Early Interactions between Bovine Monocyte Derived Macrophages and Mycobacterium avium subsp. paratuberculosis

Heather Mathie, Joanne Stevens, Elizabeth Glass, Jayne Hope

Research output: Contribution to conferenceAbstract

Abstract / Description of output

Mycobacterium avium subsp. paratuberculosis (MAP) infection of cattle has a damaging economic impact and is a cause for concern regarding potential zoonotic transmission. There are significant difficulties regarding preventing, detecting, and eradicating MAP infection in cattle herds, many of which stem from the ability of MAP to evade the host immune response (and thus diagnosis). This evasion is associated with the ability of MAP to persist within macrophages for prolonged periods of time. The precise mechanisms of this host-pathogen interaction are not fully understood; we hypothesise that the earliest interactions between MAP and host macrophages, including the mechanism of uptake, may play a pivotal role in determining the outcome of infection. In order to investigate this, we infected bovine monocyte derived macrophages (MDM) with two strains of MAP (the well-established K10 strain and strain C49, a recent clinical isolate from cattle) in order to model the infection in vitro. Following infection of MDM with the C49 strain, numbers remained fairly constant over a 24 hour time-course, whereas the K10 strain was completely eradicated by 24 hours post infection; this difference in survival is indicative of a loss of virulence in the K10 strain through lab adaptation. Due to the difference observed between the two strains in their ability to survive intracellularly, the early immune response of MDMs to each strain was analysed, shedding light on mechanisms which could be important for early clearance. By assessing cell surface molecule expression, gene expression, cytokine secretion, nitrite and reactive oxygen species production and phagosome acidification, a detailed picture of the early macrophage response was formed for both strains. We also demonstrated that the presence of serum antibody responses to MAP can impact uptake and survival of MAP within macrophages and impact their downstream effector functions. This suggests that the mechanism of uptake, for example via Fc or complement receptors, could play a role in determining downstream responses to MAP infection.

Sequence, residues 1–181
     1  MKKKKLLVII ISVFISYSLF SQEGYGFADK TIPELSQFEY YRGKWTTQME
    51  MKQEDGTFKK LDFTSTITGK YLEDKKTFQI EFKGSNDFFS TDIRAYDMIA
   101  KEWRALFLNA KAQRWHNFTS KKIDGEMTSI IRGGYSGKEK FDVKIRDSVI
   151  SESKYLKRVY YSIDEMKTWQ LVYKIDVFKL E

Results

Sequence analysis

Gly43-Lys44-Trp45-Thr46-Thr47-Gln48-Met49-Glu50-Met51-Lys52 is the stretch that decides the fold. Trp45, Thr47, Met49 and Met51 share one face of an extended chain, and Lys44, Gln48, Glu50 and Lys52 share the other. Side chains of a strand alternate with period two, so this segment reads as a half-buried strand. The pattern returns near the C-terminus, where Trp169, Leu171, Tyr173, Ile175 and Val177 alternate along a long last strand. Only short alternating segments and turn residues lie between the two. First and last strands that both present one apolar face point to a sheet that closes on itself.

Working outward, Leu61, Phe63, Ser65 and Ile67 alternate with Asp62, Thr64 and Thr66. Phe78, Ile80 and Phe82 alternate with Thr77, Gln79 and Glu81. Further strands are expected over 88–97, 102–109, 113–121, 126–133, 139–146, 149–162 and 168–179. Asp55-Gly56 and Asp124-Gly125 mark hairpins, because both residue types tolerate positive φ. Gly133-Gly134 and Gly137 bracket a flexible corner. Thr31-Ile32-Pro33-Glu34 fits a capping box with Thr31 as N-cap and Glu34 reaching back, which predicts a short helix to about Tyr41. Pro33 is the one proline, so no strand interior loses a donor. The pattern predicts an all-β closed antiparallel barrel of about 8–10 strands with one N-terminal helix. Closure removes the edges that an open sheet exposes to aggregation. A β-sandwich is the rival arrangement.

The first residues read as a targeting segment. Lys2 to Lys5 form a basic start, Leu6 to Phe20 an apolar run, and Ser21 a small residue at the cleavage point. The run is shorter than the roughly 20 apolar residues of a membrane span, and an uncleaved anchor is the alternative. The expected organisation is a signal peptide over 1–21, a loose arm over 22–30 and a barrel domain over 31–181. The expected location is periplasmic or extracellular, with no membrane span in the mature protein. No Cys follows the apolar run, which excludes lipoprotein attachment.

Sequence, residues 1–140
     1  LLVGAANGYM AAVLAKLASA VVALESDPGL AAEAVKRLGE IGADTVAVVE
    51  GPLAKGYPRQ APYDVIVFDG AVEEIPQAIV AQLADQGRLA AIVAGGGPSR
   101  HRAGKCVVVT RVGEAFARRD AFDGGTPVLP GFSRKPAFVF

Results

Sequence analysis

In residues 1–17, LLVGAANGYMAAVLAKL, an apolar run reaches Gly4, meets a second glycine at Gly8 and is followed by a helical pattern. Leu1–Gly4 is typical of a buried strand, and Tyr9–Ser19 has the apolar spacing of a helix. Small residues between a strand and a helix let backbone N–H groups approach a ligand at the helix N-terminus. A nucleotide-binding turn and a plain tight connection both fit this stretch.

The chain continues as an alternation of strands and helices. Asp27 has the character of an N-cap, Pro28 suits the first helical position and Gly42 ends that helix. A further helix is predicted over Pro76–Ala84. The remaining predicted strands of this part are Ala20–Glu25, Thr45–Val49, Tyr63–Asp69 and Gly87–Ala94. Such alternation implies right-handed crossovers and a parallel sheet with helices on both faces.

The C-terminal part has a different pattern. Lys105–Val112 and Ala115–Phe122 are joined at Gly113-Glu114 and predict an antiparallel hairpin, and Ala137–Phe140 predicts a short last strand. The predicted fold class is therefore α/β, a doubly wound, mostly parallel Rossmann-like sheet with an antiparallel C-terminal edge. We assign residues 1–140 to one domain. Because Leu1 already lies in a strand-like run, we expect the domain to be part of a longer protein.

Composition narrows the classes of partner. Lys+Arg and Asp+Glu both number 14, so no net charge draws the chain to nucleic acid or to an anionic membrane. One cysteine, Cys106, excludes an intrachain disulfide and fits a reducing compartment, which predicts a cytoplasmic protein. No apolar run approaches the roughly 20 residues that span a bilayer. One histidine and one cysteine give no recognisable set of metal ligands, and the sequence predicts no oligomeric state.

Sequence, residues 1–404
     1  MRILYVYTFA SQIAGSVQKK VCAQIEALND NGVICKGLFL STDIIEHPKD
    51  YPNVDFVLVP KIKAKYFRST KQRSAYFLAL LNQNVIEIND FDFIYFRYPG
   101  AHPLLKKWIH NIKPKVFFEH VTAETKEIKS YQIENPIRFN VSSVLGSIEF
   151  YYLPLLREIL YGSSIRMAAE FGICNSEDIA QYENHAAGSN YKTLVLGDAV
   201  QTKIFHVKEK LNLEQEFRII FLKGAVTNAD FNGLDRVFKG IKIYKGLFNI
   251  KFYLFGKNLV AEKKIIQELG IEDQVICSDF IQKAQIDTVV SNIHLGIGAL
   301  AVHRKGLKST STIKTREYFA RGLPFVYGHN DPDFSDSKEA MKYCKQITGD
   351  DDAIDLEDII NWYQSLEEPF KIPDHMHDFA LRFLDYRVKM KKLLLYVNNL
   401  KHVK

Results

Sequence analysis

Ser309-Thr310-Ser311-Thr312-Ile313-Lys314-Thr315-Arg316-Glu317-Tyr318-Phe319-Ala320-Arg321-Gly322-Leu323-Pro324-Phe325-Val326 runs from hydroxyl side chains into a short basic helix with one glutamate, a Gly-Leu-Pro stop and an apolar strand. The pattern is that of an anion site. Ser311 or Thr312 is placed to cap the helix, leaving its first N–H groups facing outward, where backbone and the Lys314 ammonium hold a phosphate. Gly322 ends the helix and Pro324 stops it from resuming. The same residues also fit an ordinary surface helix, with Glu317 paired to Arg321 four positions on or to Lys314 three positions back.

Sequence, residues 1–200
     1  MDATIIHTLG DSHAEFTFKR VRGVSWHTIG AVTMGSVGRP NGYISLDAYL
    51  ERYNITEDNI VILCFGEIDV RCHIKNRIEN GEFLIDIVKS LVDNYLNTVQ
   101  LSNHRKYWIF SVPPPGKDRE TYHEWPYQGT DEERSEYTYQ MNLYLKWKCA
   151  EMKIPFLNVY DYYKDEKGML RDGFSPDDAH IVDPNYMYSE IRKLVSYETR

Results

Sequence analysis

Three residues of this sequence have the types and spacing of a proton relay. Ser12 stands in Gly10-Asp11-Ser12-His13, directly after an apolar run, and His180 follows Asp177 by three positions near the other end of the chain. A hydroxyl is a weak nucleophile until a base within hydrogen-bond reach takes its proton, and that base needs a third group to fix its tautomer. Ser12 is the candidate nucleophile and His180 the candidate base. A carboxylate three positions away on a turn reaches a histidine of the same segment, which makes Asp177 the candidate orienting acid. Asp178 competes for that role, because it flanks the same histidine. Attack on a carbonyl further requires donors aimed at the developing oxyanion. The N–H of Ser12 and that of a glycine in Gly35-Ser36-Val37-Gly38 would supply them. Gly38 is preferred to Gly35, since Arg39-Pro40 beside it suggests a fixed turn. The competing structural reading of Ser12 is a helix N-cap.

Original languageEnglish
Publication statusUnpublished - 2016
Event14th International Colloquium on Paratuberculosis - France, Nantes, United Kingdom
Duration: 20 Jun 2016 → …


Conference14th International Colloquium on Paratuberculosis
Country/TerritoryUnited Kingdom
Period20/06/16 → …


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